Bruins president Cam Neely hinted Wednesday that Zdeno Chara was on his way back from Florida, where he was riding out the coronavirus pause with his family.
No word if he was so excited he rode his bike to Massachusetts.
OK, that clearly wouldn’t be the case, even though Chara is an avid cyclist with physical endurance that has become legendary in NHL circles. The Black and Gold captain, like many of his peers, was likely eager and energized about Tuesday’s announcement of a return-to-play format. The prospect of playing hockey again sparked interest all across the league, no doubt so in its oldest active player.
Even though Chara has been tirelessly pedaling and pushing himself in Sarasota (his workouts have been “intense, as always,” said agent Matt Keator), he surely will have a hard time getting those 43-year-old legs to fire with playoff vigor in the time of COVID-19.
He won’t be alone in that regard.
Neely, speaking on a Zoom call with local reporters, offered more detail on what the first stage of the Bruins’ comeback could look like. To begin the voluntary workouts, the Bruins must be compliant with the 29 pages of regulations the NHL circulated last weekend.
Essentially, surfaces in the rink, gym, and dressing room must be cleaned and disinfected before, during, and after use. Players and staff must practice social distancing as they train in rotating groups. They must have their temperatures taken upon arrival, and self-report symptoms on an app. They will be there to train, not mingle, and are expected to go home after.
“We’re walking through it, making sure we have everything we need in place, from sanitizing to [taking] temperatures and making sure the groups are spaced well enough apart so we can clean in between each group,” Neely said.
If and when the NHL gives teams the go-ahead in the coming weeks — possibly by mid-June — staff will flood the rink at now-dormant Warrior Ice Arena in Brighton. The NHLers who live locally will be first on the ice. Again, these workouts are voluntary, but it’s likely Chara and others who arrive from out of state — who must self-quarantine for 14 days — will return this week to satisfy that request.
“We feel we could potentially, by the time we’re ready to go, maybe have three groups of six rotating,” Neely said. “We don’t know the full extent of the numbers, for how many guys are going to be here when we’ve got ice up and running.”
After a few weeks of informal skates — players and the league will work together on timing — competitive training camps will begin (Phase 3), possibly by early July. With that will come a sharp increase in COVID-19 testing, which is “not necessary” for Phase 2, Neely said. He echoed numerous NHL and team executives and players in stressing that the league does not wish to use tests that should go to front-line workers and people who are at high risk to the virus.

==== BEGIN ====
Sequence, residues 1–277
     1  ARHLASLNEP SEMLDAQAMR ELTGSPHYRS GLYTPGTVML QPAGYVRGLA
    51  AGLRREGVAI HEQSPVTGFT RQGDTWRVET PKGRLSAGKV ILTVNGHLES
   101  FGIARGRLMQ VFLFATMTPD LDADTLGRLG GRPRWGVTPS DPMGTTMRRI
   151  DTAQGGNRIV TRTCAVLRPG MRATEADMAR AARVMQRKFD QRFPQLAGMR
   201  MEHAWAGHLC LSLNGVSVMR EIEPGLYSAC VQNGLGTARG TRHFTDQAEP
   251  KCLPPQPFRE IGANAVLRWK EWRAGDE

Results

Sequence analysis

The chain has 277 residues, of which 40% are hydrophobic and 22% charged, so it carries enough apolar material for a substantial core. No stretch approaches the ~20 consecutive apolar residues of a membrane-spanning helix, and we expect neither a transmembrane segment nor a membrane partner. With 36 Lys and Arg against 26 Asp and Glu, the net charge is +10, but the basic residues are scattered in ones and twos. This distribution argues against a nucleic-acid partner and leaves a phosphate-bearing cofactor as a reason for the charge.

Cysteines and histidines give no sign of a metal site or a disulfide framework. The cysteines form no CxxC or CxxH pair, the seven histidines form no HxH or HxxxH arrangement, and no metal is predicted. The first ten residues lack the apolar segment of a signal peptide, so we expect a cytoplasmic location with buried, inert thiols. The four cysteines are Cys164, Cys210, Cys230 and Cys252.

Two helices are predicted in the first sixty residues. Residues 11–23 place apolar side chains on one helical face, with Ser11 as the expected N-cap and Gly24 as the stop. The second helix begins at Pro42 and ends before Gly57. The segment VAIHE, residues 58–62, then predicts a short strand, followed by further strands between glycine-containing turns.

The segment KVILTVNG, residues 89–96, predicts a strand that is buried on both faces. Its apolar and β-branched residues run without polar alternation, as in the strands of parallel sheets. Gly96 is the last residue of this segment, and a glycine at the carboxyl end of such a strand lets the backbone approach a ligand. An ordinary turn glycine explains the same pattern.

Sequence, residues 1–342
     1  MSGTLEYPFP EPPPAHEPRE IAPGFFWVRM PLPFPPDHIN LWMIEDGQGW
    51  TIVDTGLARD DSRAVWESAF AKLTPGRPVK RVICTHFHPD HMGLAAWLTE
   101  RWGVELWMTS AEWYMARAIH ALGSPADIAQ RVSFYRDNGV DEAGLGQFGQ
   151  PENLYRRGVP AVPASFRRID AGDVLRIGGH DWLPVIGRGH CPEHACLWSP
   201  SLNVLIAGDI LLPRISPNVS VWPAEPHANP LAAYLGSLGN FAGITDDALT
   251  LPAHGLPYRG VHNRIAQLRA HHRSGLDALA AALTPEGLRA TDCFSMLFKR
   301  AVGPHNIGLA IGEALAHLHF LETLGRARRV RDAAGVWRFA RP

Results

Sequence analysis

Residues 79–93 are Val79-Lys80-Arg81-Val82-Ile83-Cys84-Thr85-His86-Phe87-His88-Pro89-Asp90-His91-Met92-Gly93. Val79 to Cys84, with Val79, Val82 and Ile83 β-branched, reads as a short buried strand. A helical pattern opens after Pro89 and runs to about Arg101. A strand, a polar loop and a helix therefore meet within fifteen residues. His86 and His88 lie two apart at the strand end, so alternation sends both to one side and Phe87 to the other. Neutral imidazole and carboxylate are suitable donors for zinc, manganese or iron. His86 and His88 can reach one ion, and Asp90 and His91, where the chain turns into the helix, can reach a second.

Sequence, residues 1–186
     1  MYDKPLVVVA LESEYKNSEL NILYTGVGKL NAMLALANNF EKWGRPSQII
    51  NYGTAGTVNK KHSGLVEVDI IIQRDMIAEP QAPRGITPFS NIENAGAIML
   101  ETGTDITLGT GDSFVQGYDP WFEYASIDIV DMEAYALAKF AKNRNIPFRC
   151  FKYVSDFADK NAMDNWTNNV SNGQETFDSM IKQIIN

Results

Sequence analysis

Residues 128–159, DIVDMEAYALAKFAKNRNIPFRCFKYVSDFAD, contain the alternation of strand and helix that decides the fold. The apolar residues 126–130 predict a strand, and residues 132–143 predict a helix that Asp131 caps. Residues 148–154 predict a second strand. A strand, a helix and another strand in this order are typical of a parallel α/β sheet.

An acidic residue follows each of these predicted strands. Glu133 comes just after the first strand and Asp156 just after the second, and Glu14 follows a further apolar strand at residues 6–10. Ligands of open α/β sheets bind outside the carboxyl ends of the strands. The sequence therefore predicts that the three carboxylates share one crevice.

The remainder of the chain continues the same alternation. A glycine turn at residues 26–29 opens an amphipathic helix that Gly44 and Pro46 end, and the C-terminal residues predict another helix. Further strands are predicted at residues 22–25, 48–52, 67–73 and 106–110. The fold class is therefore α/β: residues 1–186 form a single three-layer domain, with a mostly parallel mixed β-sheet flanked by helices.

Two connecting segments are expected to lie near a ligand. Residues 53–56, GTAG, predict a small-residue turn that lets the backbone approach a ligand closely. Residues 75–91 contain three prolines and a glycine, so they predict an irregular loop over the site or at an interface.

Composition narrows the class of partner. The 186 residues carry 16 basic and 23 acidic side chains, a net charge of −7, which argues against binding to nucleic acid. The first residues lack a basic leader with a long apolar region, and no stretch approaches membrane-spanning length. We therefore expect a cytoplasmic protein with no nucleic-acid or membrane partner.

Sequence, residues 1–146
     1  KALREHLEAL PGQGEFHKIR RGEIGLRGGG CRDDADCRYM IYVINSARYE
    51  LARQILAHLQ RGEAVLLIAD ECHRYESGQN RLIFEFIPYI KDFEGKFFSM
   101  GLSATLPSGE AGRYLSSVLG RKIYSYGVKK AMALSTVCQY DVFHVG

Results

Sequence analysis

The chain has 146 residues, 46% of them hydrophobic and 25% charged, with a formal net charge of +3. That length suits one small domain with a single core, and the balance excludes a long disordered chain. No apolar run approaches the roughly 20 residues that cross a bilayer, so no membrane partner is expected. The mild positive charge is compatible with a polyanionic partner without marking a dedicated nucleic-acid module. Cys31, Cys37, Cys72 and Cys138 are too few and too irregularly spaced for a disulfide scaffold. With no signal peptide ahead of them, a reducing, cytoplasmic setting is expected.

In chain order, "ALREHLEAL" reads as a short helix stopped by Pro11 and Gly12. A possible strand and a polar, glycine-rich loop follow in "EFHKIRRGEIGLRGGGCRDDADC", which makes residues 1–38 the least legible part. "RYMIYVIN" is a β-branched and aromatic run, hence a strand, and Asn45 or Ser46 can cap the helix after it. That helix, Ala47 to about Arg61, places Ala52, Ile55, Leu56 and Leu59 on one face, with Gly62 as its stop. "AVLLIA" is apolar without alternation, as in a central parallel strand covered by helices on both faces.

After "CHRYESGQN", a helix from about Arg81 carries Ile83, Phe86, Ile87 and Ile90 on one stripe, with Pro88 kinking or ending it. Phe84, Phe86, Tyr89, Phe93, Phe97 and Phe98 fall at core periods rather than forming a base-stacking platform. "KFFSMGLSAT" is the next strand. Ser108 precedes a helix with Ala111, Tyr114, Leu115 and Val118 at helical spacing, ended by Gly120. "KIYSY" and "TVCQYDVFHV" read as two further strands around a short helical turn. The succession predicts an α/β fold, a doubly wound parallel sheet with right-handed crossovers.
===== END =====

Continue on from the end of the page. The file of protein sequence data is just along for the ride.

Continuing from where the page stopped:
Training camp, which could include two exhibition games per team, will be a sprint to the playoffs. The 24 teams competing in the restart have been off 77 days as of Wednesday. A typical summer break for a healthy NHL player is two weeks before serious training, and up to a month off the ice in many cases. The NHL playoffs, typically rife with attrition, could be a mess of aches, pains, strains, and pulls.
The Bruins’ hopes depend largely on how quickly their veteran stars — Chara, Patrice Bergeron, David Krejci, and Tuukka Rask — can return to form. They were No. 1 in the league at the time of the pause (44-14-12, 100 points). Can they regain that sharpness?
As far as we know, everyone save for defenseman Kevan Miller (knee) will be available. Defensemen Torey Krug (undisclosed) and Brandon Carlo (concussion), both injured when the league paused, have said they are good to go.
Teams will be allowed 50 people in their traveling party to the “hub” city, NHL commissioner Gary Bettman said Tuesday, but he did not specify a player limit. The regular 23-man roster will be expanded.
Among forwards, the 13 locks are Bergeron, Krejci, Brad Marchand, David Pastrnak, Charlie Coyle, Ondrej Kase, Jake DeBrusk, Anders Bjork, Nick Ritchie, Sean Kuraly, Chris Wagner, Joakim Nordstrom, and Par Lindholm. The eight defensemen most likely to travel are Chara, Krug, Carlo, Charlie McAvoy, Matt Grzelcyk, Jeremy Lauzon, John Moore, and Connor Clifton. The obvious pair of goalies: Rask and Jaroslav Halak, with Dan Vladar, Maxime Lagace, and/or Kyle Keyser in reserve to guard against injuries.
Spares could include forwards Anton Blidh, Karson Kuhlman, Jack Studnicka, Trent Frederic, Paul Carey, Zach Senyshyn, Brett Ritchie, and Cameron Hughes. Defensemen Urho Vaakanainen, Steven Kampfer, Jakub Zboril, and Alexander Petrovic would seem to be in the mix.
If it all happens, it will be a fascinating finish.
Ever run a long-distance race and then suddenly stop a few miles from the end? It hurts. Getting back on pace is brutal on the legs.
But someone will do it — and the Bruins were outpacing everyone when the race was paused.